So now, I’m not going to stress too much about blogging anymore.  I believe the best way to go is to find some sort of balance between being ‘on topic’ and what is happening with my writing.  I have seen published authors blog this way and it doesn’t seem to be doing them any harm.  I’ve been blogging for a little while now and I think it’s a case of blog whatever you feel comfortable with.  And by the way, if you don’t already have a copy of Christina’s book, I heartily recommend it.

Still on topic, but on a more happier note, many thanks this week to Jen at Jen’s Bookshelf for giving me the 7×7 Link Award.  Yes, my blog has been given another award! 🙂

Now for this award I need to list what I regard as some of my best within these categories:-

Most Beautiful:  This Spring I started putting up some photos for my Photo Friday posts, and this one Photo Friday – Rainforests seemed to have become the most popular, judging by the comments.
Most Helpful: Once again, judging by the comments, Conquer Your Fears seemed to create a healthy discussion.  It’s good to know that as writers we’re not alone.
Most Popular:  My first entry in the Writer’s Platform Building Campaign, My Sweet Imago – 2nd Campaigner Challenge not only generated some votes, but some wonderful comments.  To know that I had captivated my readers, and that they found it ‘entrancing’, ‘evil’, ‘vindictive’, ‘creepy’ and ‘disturbing’ makes me one happy camper!
Most Controversial: Well, I have to admit that this one Controversial Issues in YA Novels is the closest thing to a controversial post that I’ve written (at least that I know of).
Most Successful:  I would have to say that my post on the Writer’s Platform Building Campaign I regard as my most successful, only because by participating in this campaign, I have had more people visit my blog, comment and subscribe than ever before.  I have also met and made friends with some wonderful people I would never had done so otherwise.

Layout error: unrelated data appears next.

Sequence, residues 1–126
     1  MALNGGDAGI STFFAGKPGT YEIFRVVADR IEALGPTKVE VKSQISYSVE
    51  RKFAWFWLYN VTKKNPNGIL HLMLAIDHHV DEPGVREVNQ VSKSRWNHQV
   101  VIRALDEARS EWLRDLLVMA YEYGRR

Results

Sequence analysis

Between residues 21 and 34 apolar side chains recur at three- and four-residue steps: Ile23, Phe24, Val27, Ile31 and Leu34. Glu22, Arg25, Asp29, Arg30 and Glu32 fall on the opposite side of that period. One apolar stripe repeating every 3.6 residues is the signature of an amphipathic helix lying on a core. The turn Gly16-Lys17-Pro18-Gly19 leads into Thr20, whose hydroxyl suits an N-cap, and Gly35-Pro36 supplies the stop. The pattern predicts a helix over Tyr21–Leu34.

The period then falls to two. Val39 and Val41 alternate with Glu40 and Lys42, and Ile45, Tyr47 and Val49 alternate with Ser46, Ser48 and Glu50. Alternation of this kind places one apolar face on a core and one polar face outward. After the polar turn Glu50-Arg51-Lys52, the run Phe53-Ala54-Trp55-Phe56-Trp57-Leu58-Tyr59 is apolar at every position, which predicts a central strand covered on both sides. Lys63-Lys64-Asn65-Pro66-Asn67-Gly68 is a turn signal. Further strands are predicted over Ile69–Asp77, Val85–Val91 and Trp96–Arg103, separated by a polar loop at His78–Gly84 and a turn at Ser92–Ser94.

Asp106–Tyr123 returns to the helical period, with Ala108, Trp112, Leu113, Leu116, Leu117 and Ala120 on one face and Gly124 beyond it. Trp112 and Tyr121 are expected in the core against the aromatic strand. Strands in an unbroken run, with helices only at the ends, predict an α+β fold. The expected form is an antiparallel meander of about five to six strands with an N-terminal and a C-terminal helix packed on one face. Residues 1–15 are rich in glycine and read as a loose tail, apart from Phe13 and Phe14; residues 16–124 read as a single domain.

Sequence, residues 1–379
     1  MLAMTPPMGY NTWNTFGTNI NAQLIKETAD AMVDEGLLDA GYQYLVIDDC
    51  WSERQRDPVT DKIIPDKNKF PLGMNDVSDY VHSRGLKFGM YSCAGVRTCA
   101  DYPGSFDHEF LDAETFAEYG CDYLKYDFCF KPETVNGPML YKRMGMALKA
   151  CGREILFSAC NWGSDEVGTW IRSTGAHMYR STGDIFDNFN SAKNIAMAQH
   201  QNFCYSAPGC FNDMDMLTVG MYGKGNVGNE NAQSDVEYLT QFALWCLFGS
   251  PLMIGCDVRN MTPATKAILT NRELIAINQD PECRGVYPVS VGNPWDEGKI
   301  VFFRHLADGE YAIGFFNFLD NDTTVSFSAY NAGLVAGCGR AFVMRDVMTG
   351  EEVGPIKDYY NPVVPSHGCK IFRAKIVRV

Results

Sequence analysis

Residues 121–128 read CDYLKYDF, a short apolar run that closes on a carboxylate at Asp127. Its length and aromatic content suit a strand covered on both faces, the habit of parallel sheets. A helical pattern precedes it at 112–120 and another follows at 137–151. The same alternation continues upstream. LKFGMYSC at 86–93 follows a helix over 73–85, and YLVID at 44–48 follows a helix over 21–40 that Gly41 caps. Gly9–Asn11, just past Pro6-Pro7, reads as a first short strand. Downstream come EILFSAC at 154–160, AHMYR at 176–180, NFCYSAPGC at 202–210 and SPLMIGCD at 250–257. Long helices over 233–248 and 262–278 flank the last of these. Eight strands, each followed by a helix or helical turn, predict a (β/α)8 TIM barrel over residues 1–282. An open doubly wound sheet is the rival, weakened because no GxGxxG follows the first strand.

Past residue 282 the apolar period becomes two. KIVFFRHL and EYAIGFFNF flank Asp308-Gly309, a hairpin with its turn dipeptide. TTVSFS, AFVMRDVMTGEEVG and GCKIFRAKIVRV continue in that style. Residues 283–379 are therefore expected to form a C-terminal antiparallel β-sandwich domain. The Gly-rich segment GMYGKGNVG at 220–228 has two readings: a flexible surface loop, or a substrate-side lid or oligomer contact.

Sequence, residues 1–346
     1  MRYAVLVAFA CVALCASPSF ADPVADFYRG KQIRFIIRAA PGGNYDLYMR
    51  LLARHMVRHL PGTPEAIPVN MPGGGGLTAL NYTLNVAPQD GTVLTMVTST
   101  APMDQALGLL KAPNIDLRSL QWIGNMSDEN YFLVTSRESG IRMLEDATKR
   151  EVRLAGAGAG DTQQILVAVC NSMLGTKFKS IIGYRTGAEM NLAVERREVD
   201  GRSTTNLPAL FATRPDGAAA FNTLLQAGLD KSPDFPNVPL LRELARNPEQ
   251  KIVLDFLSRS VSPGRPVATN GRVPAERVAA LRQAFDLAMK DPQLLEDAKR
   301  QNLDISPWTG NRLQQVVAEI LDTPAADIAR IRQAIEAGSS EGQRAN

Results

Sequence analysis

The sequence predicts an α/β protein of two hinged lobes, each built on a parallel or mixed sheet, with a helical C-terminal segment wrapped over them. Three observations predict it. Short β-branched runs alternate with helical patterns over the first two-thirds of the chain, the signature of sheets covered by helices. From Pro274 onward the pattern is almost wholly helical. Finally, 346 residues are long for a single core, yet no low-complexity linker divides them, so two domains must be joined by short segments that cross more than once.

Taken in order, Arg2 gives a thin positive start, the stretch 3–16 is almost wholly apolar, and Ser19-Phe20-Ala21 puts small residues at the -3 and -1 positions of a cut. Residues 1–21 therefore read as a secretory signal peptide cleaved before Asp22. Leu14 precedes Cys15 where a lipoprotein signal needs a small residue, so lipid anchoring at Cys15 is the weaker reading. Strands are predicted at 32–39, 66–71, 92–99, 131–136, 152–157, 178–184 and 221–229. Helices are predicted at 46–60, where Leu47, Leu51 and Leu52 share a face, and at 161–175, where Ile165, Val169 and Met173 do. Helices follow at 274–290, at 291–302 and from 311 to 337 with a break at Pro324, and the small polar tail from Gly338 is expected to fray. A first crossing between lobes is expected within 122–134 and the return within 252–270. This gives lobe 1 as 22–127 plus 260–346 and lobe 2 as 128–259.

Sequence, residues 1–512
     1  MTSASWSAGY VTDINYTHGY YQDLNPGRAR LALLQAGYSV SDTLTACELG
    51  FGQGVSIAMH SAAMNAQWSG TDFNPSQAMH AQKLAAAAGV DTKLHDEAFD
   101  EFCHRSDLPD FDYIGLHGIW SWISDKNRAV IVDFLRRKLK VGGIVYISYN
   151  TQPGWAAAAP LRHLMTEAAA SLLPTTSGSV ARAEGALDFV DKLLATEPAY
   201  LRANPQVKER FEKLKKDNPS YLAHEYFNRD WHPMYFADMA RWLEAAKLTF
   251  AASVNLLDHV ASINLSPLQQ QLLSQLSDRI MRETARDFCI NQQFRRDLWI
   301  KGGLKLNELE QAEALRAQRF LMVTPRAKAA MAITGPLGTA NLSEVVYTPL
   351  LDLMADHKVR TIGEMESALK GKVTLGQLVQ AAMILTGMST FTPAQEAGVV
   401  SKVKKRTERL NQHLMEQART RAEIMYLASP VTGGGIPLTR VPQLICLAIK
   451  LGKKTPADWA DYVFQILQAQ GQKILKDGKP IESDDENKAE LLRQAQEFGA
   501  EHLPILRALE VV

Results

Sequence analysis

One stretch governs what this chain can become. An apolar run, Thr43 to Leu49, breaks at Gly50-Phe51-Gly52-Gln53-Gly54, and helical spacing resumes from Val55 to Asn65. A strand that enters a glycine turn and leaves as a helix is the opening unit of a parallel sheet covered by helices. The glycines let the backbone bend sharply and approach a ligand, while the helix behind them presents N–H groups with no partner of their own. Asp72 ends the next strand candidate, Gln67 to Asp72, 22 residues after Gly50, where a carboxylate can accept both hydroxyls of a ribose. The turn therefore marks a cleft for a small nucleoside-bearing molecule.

Most Underrated: My post on The Business Side of Writing was created out of sheer frustration by a local business taking many months to fix our washing machine.  I decided to apply simple strategies on how to provide a top quality customer service when it comes to writing.
Most Prideworthy: To know that people do actually read my blog and appreciate what I have to say earned me My Very First Writing Award not once, but three times.  Thank you so much Elizabeth Anne, Lesann and Kerri – your kind thoughts, along with Jen for this award, has given me the incentive to stay within the blogosphere.
So now I hand over the 7×7 Link award baton to my fellow bloggers:- Lynda R. Young at W.I.P. It, Christy Farmer, Molly Green: Worth Becoming, Rebekah Loper, and of-course this goes without saying – Elizabeth Anne Stilborn, Lesann Berry and Kerri Cuevas!
Books

Controversial Issues in YA Novels.

There has been a fair amount of controversy within recent times regarding the subject matter in young adult novels.  Being both a writer and a reader of young adult fiction, I tend to find myself giving it quite a bit of thought.

I was probably about eleven when I read the controversial book Go Ask Alice.  Of-course at that age, I had no idea that it was controversial, but I remember it to this day.  Did I want to go out and try drugs after reading the book?  No.  In high school I was fortunate to be with a group of friends that never did drugs and in all honesty, we weren’t interested.  Did reading the book help prevent me from doing drugs?  I can’t be certain, but after having read the book twice, it certainly stuck in my eleven year old mind to stay away from them.  Mind you, my parents were completely unaware that I was reading this book, after having sneaked it out of my older sisters’ bedroom!  Lucky for them, I’d like to think that I had my head screwed on.